March 28 – 9:00 AM (GROUP 1)
Jae In Choi (Samuel), Mohan Zhu (Jasmine), Yongheng Zhang (Agnes), Chenxi Cai (Cassie)
[30 min BREAK]
Jinyan Zhao (Katharine), Ziyan Zheng, Jinrun Wen, Brandon Price
APRIL 4 – 9:00 AM (GROUP 2)
Tina Gong, Kha Den De (Lera), Hamayil Ahmad, Zhelun Li (Jerry)
[30 min BREAK]
Hanbing Wu (Joyce), Emily Trajkovski, Raffi Bedrossian, Rania Haider
Spaces for presentation of your work will include the classroom (SB211), EEL Space (Across the Hall from SB211, where Mid Term Critiques took place). Other spaces TBD, and if you have a space in mind connect me ASAP so we can try to arrange.
SIGN UP for your SPACE here:
Renee – Photo Technician is available to assist you Monday-Thursday. She can give you a FOB for EEL space access on weekend, paper for printing your final projects on the printer in the classroom (SB211).
Be on time (9am start each day). NO INSTALLATION during critique time – do on weekend, morning before Critique start, OR during 30 minute install break between 10:15-10:45 each day. Critiques will each be 15 minutes total. 5 min intro and we look at your work + make notes, followed by the class having a 10 minute discussion about your work. If you have any questions you want us to consider in our conversation include them in your introduction text.
Final Crit Content Submission VIA QUERCUS by end of day APRIL 4
- Digital file(s) of images/work. Can include an installation image and/or links to content if necessary. Keep file sizes reasonable. 1500-2000 pixels MAX for longest dimension + save for web and/or as “high” quality jpeg. Aim for under 1MB per image, larger ok if only a few. If sharing links, just include them in/with your “Introduction Text”. JPEG for image files.
- Introduction Text that you read to introduce/offer context of your work (max 100-150 words). PDF or word doc.
- Crit Notes on every crit except your own (ie 15 total:). Include observations, thoughts, questions. Offer both positive and critical feedback – what is working and what needs further work and/or consideration. Word doc or text file.
MID TERM Critique
This will be IN PERSON on Feb 14 (9:00am) atthe E.E.L. Gallery in the UofT South Borden Building (across the hall from our classroom – SB211). Your Mid Term Critique work will be Framework #8 (see below). You will need to get three sheets of 13×19 photo print paper (Luster) to make one final print (up to a max size of 12×18) of your work using the self-serve printer in SB211. There will be an in-class printing demo on Feb 7. You can access room SB211 and the printer during the week to make your test prints and final print. See the schedule to see when the room is closed (grey blocks – classes), when there are work study students to assist (blue blocks), and all other times you will be working on your own/with other students (remember your FOB for after hours access 8:01pm-7:59am). Installation/display of your prints can be done using thumb tacks, tape, etc. (or any other way you want to display your work) and will be done on the day of crit/during class.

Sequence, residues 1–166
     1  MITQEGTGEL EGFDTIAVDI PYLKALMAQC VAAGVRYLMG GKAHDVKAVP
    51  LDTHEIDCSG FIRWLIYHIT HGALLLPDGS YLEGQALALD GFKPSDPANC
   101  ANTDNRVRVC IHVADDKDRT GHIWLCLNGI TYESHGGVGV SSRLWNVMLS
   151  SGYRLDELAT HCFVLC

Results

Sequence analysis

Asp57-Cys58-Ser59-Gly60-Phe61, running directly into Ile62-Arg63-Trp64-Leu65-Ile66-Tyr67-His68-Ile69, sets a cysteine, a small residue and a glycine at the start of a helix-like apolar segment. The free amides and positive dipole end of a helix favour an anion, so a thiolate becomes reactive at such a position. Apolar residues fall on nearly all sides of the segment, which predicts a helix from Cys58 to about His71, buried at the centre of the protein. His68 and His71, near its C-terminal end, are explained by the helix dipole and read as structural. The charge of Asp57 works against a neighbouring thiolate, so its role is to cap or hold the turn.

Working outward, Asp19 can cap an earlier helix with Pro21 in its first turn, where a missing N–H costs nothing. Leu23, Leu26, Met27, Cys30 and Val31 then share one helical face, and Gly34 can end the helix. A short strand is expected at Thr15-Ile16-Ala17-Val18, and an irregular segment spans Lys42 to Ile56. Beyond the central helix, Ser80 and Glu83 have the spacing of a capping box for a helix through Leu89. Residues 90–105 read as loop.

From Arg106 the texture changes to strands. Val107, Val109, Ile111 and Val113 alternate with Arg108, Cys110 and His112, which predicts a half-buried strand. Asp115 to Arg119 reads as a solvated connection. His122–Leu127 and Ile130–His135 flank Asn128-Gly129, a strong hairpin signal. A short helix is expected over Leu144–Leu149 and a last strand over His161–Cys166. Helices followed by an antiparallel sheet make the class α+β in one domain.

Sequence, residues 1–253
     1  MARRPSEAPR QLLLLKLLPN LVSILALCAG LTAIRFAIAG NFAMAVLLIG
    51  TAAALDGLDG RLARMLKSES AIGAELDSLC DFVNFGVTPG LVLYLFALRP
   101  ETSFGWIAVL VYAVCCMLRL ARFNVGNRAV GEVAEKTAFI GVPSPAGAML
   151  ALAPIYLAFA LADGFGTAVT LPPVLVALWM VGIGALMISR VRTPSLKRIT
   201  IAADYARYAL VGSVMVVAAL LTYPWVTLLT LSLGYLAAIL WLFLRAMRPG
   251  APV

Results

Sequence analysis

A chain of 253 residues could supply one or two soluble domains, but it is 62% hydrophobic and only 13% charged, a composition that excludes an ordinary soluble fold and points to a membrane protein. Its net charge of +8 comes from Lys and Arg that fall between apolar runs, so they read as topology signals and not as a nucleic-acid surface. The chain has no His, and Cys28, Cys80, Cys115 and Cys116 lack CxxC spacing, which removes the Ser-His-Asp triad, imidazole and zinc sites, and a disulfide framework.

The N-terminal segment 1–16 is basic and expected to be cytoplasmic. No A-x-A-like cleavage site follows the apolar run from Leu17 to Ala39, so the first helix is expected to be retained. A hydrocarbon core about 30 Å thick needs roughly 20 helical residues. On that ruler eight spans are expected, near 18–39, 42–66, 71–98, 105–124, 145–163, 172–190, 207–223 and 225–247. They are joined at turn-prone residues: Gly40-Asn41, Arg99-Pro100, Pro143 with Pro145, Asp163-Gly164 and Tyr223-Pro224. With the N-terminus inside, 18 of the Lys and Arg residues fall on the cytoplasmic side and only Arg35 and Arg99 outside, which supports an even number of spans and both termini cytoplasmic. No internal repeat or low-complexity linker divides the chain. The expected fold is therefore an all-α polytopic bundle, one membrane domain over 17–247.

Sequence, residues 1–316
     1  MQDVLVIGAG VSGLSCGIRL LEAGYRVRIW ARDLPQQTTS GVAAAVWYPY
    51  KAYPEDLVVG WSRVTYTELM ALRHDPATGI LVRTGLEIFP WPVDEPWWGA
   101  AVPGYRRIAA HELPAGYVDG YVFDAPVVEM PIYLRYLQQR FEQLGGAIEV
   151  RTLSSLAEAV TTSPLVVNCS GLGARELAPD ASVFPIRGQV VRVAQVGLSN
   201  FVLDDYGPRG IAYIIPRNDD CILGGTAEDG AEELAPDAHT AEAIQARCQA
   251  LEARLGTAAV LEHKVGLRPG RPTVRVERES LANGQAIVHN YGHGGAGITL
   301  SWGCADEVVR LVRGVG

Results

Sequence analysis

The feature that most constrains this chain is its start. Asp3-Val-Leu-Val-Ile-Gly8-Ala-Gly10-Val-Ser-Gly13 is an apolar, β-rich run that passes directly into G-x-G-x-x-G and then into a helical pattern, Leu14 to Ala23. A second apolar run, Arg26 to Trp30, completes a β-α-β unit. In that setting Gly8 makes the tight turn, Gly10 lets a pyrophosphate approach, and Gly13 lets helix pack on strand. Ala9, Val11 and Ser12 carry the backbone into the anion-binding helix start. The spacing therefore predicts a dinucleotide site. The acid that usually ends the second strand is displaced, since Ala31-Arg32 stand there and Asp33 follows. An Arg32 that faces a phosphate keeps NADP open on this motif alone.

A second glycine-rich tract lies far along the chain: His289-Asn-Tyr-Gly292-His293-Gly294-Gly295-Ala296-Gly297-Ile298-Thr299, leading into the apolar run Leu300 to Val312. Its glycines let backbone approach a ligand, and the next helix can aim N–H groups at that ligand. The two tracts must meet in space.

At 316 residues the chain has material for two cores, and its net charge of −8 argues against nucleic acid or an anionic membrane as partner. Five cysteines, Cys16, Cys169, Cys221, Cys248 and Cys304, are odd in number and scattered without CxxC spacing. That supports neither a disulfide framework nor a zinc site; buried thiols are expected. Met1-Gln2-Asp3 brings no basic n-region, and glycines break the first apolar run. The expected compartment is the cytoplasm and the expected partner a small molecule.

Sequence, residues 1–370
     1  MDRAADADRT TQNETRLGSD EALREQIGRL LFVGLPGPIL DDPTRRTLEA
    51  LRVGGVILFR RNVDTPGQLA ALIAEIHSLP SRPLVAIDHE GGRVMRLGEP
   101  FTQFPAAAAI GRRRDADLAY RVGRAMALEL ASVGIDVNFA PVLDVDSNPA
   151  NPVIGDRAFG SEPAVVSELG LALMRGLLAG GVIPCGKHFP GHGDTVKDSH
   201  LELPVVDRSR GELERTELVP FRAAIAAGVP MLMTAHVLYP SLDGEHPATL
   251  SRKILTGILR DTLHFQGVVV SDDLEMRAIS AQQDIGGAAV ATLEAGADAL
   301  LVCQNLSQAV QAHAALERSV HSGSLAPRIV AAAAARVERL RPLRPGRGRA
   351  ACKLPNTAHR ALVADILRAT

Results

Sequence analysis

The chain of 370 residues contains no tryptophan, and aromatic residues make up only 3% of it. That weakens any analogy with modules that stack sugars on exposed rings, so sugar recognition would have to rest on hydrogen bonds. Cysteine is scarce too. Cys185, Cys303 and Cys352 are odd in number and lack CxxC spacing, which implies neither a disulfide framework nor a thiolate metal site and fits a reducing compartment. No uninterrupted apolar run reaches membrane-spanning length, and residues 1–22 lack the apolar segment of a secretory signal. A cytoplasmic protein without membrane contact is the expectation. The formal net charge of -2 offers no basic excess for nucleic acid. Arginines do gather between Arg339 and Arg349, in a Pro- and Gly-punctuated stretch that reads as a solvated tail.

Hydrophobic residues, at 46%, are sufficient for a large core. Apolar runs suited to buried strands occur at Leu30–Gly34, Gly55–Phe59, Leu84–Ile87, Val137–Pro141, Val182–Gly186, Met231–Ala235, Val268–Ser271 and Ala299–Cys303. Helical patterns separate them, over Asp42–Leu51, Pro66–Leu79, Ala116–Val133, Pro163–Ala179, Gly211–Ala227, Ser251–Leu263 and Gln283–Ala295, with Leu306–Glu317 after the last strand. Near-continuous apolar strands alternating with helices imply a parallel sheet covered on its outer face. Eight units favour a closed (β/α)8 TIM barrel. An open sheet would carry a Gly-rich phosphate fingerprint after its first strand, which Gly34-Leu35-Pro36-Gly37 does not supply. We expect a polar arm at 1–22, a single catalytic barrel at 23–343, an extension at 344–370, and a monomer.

* DONT FORGET to post your Framework #8 to the blog in addition to making the print for Crit:)
#1 – Setting up the fake (1st iteration: Choose a notable artwork – historical or contemporary – and recreate it as a photographic image)
#2 – Low contrast (B&W image) based on one of two images:
#3 – Three images using the exact same framing for each
#4 – High key composition of grey to white (B&W image)
#5 – Low Key composition of grey to black (B&W image)
#6 – Still Life
#7 – Interior space of interest
#8 – Setting up the fake (2nd iteration: Choose a notable artwork – historical or contemporary – and recreate it as a photographic image. This may, or may not be, the same reference from Framework #1.)
READING RESPONSE PART I
- Cadava, Eduardo. “Reflections.” In Words of Light: Theses on the Photography of History. 92-97. Princeton, NJ: Princeton U P, 1997. (in PDF see p120-125)
- Wall, Jeff. “Photography and Liquid Intelligence.” In Jeff Wall Selected Essays and Interviews, 109–110. New York: MOMA, 2007.
- Italo Calvino, “The Distance of the Moon”. In Cosmicomics, translated by William Weaver. 1965. Available as a Text (PDF) and Audio Podcast
- Benjamin, Walter. “A Small History of Photography.” In Walter Benjamin Selected Writings Vol. 2 1927–1934, translated by Edmund Ephcott and Kingsley Shorter, 240–257. Cambridge, MA: Belknap Press of Harvard U P, 1999.
- Burgen, Victor. “Looking at Photographs.” In Thinking Photography, edited by Victor Burgen, 142–153. London: Macmillan, 1982.
- Krauss, Rosalind. “Photography’s Discursive Spaces.” In The Contest of Meaning: Critical Histories of Photography, edited by Richard Bolton, 287–302. Cambridge, MA: MIT P, 1989.
- Flusser, Vilem. “Introductory Note” and “The Apparatus”. Both in Towards a Philosophy of Photography. 7 and 21-32. London: Reaktion Books, 2000.